“Perhaps the most worrisome threat is that because the Arctic is warming so much faster than the globe as a whole, the permafrost — soil that remains frozen year-round — is thawing. As it does, organic matter which is trapped within can decay, and when it does it releases CO2 into the atmosphere, except those places where instead of releasing CO2 it releases CH4.” — Tamino.
With the Northern Hemisphere Pole warming at a rate 2-3 times faster than the rest of the globe, there’s a risk that we start to set off a kind of runaway warming feedback. We may be near that threshold now… God help us if we’ve crossed it…
Prior to 2015, the highest annual rate of atmospheric CO2 increase occurred in 1998 at 2.9 ppm. This record was broken in 2015 when atmospheric CO2 levels climbed by 3.05 ppm. But so far this year, the rate of increase for this heat-trapping gas is a stunning 3.68 parts per million above comparable monthly averages seen during 2015. That’s nearly four times the rate of atmospheric accumulation since the early 1960s. A level of increase that almost guarantees that 2016 will shatter 2015’s record for CO2 gain and set a new ominous benchmark for a ramping accumulation of hothouse gasses.
(Big jumps in month to month, 2015 to 2016 CO2 concentrations make it almost certain that the annual rate of increase in this greenhouse gas’s concentration will be a new global record. Image source: NOAA ESRL.)
Human Fossil Fuel Burning, A Carbon Saturated Ocean, and Amplifying Feedbacks
The baseline driver for this amazing rate of increase is a global carbon emission in the range of 13 billion tons every year (a rate that is about 30 percent faster than during 1998). Efforts on the part of China and the rest of the world to curtail coal emissions did result in a leveling off of these human emissions during 2014 and 2015. But this action only managed to achieved a plateau in the rate at which heat-trapping gasses hit the atmosphere at or near new record high levels. A rate of emissions that is about ten times faster than the out-gassing of heat trapping airs which set off the Paleocene – Eocene Extinction about 55 million years ago.
Wagging that baseline was a strong El Nino. During El Nino years, the Tropics heat up. This results in less CO2 being absorbed by the global Equatorial Ocean even as droughts and wildfires related to the Nino climate variation pump more carbon out of the world’s soils and vegetation.
But also impacting rate of CO2 rise is what is now an ongoing set of Earth System Feedbacks related to human-caused climate change. The added 1.2 C worth of warming since 1880 that 2016 is likely to experience helps to amplify the El Nino drought and ocean warming signal resulting in even less carbon uptake and producing even more carbon feedback. In addition, oceans saturated with carbon due to atmospheric CO2 levels hitting near 408 ppm are already able to hold less of the stuff in suspension. So it takes less relative heat force to further shut down that uptake. In addition, the warming Arctic is starting to unearth a number of previously frozen carbon stores. And record high global temperatures are now generating a weak but troubling signal that some of these stores may be starting to release.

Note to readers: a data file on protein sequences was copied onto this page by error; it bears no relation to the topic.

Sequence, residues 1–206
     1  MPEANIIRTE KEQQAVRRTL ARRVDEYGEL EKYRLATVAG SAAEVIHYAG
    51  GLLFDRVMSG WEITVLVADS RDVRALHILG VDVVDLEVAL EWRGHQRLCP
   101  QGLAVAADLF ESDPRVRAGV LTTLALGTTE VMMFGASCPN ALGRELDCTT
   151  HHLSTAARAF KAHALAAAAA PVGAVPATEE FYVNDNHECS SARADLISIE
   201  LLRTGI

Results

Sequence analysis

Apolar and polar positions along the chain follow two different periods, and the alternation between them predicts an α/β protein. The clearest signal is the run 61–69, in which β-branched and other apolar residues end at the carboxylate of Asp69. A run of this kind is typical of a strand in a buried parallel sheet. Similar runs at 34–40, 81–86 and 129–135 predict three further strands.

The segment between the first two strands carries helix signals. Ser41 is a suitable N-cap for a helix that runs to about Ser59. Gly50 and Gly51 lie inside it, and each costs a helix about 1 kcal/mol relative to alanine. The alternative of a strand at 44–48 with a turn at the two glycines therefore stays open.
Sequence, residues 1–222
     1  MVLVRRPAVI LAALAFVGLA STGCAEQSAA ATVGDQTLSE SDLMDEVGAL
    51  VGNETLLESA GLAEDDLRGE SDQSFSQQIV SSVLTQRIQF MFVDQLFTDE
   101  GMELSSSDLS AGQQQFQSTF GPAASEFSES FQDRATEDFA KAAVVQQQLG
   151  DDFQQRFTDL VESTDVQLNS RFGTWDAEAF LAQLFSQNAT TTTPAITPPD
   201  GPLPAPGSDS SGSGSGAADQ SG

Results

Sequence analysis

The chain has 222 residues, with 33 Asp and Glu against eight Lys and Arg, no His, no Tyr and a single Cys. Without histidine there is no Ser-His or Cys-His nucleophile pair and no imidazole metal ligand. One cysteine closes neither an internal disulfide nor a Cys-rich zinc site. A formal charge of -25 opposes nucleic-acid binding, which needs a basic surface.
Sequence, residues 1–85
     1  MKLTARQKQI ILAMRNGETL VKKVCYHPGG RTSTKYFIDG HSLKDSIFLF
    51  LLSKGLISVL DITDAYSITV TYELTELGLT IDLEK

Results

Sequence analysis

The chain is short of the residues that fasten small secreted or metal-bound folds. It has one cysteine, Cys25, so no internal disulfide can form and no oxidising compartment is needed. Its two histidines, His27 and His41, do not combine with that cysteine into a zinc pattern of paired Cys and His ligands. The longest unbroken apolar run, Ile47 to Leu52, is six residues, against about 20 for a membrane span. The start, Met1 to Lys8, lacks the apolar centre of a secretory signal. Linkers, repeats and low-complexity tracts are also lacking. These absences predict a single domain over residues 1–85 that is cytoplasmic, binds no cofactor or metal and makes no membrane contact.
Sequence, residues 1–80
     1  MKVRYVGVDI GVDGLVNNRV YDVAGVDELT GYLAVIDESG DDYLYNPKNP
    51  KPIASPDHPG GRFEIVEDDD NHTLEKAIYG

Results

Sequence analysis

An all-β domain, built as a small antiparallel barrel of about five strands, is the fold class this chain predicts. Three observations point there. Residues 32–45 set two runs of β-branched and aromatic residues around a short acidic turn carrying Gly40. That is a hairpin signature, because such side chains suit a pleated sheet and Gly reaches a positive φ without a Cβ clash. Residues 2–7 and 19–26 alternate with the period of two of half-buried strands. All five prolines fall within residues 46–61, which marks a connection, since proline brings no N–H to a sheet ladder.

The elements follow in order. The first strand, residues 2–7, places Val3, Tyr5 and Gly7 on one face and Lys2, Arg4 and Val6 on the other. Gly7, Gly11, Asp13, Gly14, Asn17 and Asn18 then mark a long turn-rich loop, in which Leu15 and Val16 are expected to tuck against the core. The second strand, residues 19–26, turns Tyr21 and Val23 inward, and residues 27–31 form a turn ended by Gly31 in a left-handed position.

Deposits of frozen methane, a potent greenhouse gas, and carbon dioxide lie beneath permafrost in Arctic regions. About a quarter of the Northern hemisphere is covered by permafrost. As the environment warms and the permafrost thaws, these deposits can be released into the atmosphere and present a risk of runaway warming.
(Smoothed annual rate of atmospheric CO2 increase provided by Tamino shows that the pace of CO2 accumulation has increased by about 0.25 ppm per decade since the 1960s. The primary driver of this increase is human fossil fuel burning. But an increasingly substantial driver is the saturation of global carbon stores coupled with emerging amplifying feedbacks. Failure to reduce and halt fossil fuel burning as soon as possible will result in a worsening and intensifying of these warming feedbacks — putting at risk a catastrophic runaway warming scenario that we should strive to avoid at all costs. Image source: Tamino.)
In this context, the big 2016 jump in atmospheric CO2 levels looks pretty grim. And we’ve seen no respite in June when the first three weeks were about 4.4 ppm CO2 higher than during the same period in 2015. In fact, it appears that the rate of CO2 drop off for this year is lagging a bit behind trend line. A reduced pace of loss that looks pretty bad coming off of such amazing highs for the first five months of the year and during a time when the carbon-loaded Arctic has been so ridiculously warm.
NASA (please support public, non special interest based science like the fantastic and often life-saving work done at NASA and NOAA)
Hat tip to Wili
Hat tip to John McCormack